This is why many people prefer cremation. Unfortunately, traditional cremation utilizes natural gas, which releases harmful emissions and greenhouse gases into the environment. It also requires a significant amount of energy to reach temperatures above 1,400 degrees Fahrenheit.
Flameless cremation uses one-seventh of the energy required by traditional cremation. It also eliminates metal, wood, and embalming fluids from being buried in the earth and there’s also no release of toxic greenhouse gases. Cremation by water leaves a very small footprint.
Water cremation is legal in many states. However, it’s faced the same opposition as traditional cremation by religious authorities. Acceptance is slow, mainly because it’s a different way to deal with human remains, and many people aren’t comfortable with the concept yet.
Aquamation is currently legal in the following states: Washington, Oregon, Idaho, Wyoming, Colorado, Nevada, Utah, Kansas, Missouri, Minnesota, Illinois, Alabama, Georgia, Florida, North Carolina, Delaware, Maryland, Washington, D.C., Connecticut, Vermont, and Massachusetts. It is also legal in parts of Mexico, the U.K., Australia, and Canada.
After death, your remains or those of a loved one will be transported to the funeral home. Then, the body will be placed in an alkaline hydrolysis machine, which can hold 100 gallons of liquid.
What’s in the Liquid Solution?
Alkaline chemicals and water compose the liquid solution. Exact ratios are determined by unique factors, such as gender and weight. The body will be placed in the chamber, and it will fill with that solution.
Sometimes, pressure and agitation are used. This depends on the provider and the equipment available. Usually, mild heat is used to accelerate the process.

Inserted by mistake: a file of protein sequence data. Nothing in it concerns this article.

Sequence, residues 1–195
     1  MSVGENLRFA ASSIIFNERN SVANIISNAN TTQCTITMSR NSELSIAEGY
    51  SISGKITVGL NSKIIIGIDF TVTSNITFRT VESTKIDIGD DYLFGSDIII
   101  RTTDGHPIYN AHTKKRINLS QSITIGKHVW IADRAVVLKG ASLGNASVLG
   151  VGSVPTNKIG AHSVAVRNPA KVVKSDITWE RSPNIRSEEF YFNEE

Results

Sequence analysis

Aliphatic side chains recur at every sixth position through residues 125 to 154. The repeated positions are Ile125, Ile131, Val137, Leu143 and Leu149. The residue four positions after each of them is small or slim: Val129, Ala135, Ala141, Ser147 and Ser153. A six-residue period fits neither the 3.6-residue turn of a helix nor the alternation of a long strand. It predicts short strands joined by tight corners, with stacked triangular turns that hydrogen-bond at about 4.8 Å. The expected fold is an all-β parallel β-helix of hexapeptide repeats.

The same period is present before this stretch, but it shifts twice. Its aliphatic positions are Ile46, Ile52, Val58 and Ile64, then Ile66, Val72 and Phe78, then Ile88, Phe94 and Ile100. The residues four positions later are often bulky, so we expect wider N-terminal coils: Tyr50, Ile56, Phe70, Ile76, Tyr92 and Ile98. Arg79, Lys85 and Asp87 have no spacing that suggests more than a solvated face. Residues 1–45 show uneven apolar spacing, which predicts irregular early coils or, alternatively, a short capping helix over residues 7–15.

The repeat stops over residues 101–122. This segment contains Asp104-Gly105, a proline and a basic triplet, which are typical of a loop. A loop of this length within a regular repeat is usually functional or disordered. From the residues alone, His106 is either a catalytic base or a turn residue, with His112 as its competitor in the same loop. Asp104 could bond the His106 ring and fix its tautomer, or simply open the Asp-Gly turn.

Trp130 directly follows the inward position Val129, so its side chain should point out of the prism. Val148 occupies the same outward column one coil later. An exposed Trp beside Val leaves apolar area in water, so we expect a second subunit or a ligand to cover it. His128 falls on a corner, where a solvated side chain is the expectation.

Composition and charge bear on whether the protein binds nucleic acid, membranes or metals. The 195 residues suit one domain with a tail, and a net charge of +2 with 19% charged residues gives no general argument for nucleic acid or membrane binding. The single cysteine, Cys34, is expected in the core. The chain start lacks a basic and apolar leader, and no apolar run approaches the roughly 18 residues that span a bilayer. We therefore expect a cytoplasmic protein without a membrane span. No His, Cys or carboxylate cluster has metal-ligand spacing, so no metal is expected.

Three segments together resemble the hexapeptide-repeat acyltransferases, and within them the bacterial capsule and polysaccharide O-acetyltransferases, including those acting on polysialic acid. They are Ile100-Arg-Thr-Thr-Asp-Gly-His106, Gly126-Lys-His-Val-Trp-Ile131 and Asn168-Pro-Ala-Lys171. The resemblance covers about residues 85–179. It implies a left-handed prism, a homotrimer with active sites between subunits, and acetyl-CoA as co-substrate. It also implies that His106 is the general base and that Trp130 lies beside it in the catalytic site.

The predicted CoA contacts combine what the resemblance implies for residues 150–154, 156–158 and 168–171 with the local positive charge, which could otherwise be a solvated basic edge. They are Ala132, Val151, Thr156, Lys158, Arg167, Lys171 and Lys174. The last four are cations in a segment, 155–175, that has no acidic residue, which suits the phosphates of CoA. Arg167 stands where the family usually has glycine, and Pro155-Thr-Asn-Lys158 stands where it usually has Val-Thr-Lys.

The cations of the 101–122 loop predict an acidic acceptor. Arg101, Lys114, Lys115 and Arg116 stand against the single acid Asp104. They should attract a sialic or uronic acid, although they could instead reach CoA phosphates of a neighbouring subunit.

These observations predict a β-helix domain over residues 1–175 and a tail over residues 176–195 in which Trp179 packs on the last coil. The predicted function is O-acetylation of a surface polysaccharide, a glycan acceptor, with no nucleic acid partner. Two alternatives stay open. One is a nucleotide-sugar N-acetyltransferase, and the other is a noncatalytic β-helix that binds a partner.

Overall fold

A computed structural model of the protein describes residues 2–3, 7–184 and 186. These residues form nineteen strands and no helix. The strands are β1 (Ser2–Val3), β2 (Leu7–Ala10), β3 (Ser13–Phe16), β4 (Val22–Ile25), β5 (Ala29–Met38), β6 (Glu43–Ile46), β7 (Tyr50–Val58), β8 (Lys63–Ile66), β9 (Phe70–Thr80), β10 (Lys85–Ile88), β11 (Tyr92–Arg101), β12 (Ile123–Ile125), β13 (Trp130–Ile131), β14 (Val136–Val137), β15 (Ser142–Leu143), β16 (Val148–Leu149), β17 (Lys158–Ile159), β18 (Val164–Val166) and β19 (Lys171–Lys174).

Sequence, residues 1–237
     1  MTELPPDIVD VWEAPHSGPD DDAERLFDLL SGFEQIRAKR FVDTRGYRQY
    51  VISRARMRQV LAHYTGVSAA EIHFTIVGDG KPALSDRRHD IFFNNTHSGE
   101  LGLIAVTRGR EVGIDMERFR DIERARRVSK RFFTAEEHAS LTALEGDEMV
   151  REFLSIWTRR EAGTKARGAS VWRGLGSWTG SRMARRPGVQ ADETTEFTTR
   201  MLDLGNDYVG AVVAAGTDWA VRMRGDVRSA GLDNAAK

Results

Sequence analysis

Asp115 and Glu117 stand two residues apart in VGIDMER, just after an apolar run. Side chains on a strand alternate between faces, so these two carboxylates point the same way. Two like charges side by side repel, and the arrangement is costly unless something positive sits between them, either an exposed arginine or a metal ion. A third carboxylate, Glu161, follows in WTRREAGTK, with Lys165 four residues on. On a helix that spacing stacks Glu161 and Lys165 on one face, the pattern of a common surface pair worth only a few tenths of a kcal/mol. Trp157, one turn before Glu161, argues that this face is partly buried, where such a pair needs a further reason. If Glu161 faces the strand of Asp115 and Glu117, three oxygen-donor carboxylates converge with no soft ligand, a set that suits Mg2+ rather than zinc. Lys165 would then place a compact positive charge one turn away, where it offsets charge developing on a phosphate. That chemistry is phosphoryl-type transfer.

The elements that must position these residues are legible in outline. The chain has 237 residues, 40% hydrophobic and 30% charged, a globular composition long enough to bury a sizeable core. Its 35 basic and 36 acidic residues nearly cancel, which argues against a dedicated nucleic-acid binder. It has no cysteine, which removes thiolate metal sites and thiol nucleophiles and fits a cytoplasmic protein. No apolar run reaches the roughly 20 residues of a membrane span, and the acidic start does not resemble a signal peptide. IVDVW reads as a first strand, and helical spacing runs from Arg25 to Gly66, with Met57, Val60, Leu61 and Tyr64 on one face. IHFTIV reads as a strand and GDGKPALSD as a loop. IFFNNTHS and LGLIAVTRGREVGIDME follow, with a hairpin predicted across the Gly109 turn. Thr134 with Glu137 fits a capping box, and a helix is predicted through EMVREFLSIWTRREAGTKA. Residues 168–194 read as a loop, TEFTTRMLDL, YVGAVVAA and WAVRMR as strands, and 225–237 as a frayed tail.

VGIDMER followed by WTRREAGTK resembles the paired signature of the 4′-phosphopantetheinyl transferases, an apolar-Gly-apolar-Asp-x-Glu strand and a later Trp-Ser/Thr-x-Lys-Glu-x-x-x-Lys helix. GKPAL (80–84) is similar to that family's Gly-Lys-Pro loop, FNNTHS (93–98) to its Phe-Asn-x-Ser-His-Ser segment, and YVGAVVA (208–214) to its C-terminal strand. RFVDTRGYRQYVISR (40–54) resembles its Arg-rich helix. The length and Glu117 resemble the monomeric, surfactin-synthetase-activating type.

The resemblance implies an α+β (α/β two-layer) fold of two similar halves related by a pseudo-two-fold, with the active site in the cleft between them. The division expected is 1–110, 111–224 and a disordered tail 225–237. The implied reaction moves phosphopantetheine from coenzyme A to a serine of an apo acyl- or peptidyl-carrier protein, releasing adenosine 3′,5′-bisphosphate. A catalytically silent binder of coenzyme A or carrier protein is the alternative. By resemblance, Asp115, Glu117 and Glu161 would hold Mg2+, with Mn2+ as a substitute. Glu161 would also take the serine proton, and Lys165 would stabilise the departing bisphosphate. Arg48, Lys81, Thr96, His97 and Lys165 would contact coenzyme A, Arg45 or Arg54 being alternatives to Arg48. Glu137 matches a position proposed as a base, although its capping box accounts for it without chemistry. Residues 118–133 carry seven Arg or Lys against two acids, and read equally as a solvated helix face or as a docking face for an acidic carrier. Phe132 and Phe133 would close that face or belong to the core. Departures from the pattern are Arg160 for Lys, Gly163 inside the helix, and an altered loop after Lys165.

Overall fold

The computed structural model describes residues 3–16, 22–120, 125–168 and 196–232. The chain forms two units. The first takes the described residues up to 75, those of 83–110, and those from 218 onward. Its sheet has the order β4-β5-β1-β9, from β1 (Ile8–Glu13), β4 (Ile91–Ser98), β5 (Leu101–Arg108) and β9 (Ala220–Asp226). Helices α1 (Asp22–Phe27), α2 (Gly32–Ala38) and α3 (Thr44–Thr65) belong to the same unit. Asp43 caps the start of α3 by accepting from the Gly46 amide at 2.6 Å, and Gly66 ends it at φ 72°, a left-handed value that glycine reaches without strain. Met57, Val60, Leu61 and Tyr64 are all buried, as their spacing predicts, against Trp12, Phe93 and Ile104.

How are Remains Treated?
Once the alkaline hydrolysis machine has completed the process, bone fragments and liquid are left. It’s usually the liquid part that raises controversy.
As soon as that part of the process is described, loved ones are rightfully concerned that part of the deceased’s remains are being “poured down the drain.” This isn’t the case! In natural decomposition, fat and tissues eventually revert to their original form. This equals basic organic compounds.
That includes salt, sugars, amino acids, and peptides. These organic compounds are what make up the leftover liquid. After the process is over, that liquid is released to wastewater treatment plants. Usually, this liquid — referred to as effluent — is cleaner than most wastewater released into the plant daily.
The remaining bone fragments are allowed to dry. After that is complete, fragments are pulverized into ashes. The process differs from flame-based cremation — which means you should account for 32% more cremated remains. Flame-based cremation leaves less ash.
Once the bone fragments are pulverized into ashes, they’re stored in a strong plastic bag. This bag is placed in an urn and given to a loved one.
You can determine what you’d like to have happen after your ashes have been stored properly. Some people want to remain in an urn that loved ones can keep nearby. Others want their ashes scattered in a special location. Think about what’s right for you, so you can make a confident, comfortable decision.
Cremation by water is a gentle, environmentally-friendly approach. It’s a great alternative to flame-based cremation and can even be considered a more natural burial. Resomation also accounts for concerns about toxic emissions and limited burial space.
For these reasons, flameless cremation may be right for you. No matter what choice you make investigate your options and make sure that your loved ones know you’d like to use this method of burial. That way, your future wishes are known and there’s no question what will happen once you die.
Think about your preferences, investigate options, and communicate them to your loved ones — it all takes time and may even be emotional. However, end-of-life planning is much harder to do when you or a loved one are in mourning.
- “Alkaline Hydrolysis.” Cremation Association of North America, www.cremationassociation.org/page/alkalinehydrolysis
- “Water Cremation: Is Resomation a Green & Bio Friendly Solution?” Cremation Institute, cremationinstitute.com/water-cremation/